Time for a campus safety discussion

Let me first say that I am beyond grateful the situation on Monday involving an armed man didn’t escalate into something much worse.

While our first and foremost concern should be making sure everyone is safe on our campus, I fear many will read this letter and initially feel that it’s “too soon” to raise serious questions about the campus weapons policy. I contend that it’s never too soon to talk about how people on campus can remain safe. If anything, it’s too late.

After a recent string of armed robberies on and near the University of Minnesota campus, it’s no surprise that people on campus feel less safe in our community. Unfortunately, because of an undoubtedly well-intended policy, even law-abiding citizens are restricted in their basic right to self-defense at the University.

How many of these horrifying school shootings and incidents will occur before we realize that these self-inflicted gun-free zones are doing nothing to protect the safety of students?

Instead, whenever such a situation arises, students are forced into panic as they have no real means of protecting themselves. The weapons policy leaves people at the University defenseless against those who wish to do them great harm.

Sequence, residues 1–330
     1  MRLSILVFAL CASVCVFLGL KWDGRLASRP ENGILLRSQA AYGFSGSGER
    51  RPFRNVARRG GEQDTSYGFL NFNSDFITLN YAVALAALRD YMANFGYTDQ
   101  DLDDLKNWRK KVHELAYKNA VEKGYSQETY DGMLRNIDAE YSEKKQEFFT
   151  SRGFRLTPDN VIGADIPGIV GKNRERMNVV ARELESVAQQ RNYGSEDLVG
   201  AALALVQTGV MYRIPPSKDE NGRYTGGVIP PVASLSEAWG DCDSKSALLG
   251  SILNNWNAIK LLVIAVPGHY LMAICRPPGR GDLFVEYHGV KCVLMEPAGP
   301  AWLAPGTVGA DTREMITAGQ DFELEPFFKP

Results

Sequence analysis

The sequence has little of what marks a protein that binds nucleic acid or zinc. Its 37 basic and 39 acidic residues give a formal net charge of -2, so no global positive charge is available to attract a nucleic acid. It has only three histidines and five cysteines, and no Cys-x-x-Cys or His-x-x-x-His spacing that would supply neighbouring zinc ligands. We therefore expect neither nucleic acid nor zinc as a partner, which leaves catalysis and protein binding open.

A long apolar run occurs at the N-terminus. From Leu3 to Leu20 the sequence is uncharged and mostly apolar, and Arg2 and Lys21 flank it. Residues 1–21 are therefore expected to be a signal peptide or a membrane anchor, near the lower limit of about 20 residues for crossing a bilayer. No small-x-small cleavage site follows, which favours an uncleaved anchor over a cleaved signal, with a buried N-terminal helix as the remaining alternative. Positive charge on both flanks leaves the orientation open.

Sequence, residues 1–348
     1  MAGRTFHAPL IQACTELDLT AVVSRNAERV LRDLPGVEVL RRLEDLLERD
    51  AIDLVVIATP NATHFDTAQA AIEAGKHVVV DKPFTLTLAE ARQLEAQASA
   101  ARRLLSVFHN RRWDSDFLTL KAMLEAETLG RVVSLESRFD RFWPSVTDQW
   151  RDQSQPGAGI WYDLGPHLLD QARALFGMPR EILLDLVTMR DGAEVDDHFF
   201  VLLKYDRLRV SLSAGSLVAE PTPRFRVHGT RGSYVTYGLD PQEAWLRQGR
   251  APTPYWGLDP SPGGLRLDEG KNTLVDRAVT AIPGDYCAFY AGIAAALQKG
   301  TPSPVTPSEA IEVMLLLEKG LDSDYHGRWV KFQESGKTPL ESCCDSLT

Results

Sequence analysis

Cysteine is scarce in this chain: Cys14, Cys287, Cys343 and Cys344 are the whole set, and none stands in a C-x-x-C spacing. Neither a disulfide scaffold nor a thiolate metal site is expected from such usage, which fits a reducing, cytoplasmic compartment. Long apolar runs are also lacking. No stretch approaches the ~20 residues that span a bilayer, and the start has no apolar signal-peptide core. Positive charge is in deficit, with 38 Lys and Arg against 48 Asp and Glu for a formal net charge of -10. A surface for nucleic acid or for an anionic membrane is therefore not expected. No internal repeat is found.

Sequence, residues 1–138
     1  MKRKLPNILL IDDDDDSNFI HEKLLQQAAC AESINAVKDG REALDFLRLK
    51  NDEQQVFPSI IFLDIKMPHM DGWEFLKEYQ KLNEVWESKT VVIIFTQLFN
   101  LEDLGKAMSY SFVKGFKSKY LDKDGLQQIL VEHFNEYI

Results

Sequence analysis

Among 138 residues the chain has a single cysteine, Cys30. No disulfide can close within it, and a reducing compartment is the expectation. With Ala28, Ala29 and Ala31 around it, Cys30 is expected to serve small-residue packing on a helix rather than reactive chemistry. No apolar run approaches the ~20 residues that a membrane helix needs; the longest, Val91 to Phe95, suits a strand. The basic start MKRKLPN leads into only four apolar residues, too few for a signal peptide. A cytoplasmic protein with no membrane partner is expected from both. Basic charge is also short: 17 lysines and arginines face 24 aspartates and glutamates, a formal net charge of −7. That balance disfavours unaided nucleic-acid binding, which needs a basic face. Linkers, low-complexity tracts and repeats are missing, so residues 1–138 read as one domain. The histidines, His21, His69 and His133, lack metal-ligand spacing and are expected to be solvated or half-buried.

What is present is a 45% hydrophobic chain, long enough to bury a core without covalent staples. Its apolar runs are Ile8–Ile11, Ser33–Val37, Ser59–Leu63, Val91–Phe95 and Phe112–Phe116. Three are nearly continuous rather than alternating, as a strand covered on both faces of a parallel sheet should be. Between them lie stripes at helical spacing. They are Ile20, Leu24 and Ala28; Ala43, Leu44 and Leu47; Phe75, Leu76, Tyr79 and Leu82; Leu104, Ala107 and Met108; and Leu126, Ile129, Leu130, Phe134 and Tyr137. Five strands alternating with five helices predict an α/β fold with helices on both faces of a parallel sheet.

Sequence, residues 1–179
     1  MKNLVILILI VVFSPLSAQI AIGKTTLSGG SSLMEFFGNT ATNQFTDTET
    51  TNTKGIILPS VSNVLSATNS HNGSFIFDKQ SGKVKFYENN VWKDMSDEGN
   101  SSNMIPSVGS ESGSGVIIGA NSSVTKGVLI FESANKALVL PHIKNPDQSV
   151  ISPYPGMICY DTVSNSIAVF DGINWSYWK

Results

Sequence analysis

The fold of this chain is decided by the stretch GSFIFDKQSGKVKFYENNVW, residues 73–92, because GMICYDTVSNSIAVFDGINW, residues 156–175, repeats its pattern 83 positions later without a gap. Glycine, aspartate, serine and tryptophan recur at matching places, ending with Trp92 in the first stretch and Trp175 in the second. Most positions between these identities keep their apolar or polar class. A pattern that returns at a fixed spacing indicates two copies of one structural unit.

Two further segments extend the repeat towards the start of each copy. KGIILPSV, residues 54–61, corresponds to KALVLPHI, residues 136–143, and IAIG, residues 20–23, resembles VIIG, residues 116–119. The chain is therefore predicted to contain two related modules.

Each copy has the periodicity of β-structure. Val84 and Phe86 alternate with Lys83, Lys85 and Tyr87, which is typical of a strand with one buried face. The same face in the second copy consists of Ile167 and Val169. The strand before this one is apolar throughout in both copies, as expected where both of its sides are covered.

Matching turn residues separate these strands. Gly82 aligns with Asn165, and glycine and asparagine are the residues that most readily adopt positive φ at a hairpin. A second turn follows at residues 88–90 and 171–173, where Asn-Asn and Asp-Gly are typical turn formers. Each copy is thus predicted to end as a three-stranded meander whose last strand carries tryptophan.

As a law-abiding carry permit holder licensed by the state of Minnesota, I personally feel safest when I possess a means of defending myself, which is when I carry. It is when I am restricted of this human right that I feel terribly unsafe and unprotected.

It is the role of University administration to provide the student body with a safe environment for learning and development. Writing words in a Board of Regents policy that criminals don’t follow falls short of doing just that.

Like many others, I am sick and tired of being exposed to such danger. While I understand that my opinion is likely not that of the majority, I still urge all members of this community to understand that now is the time for a real campus discussion about safety.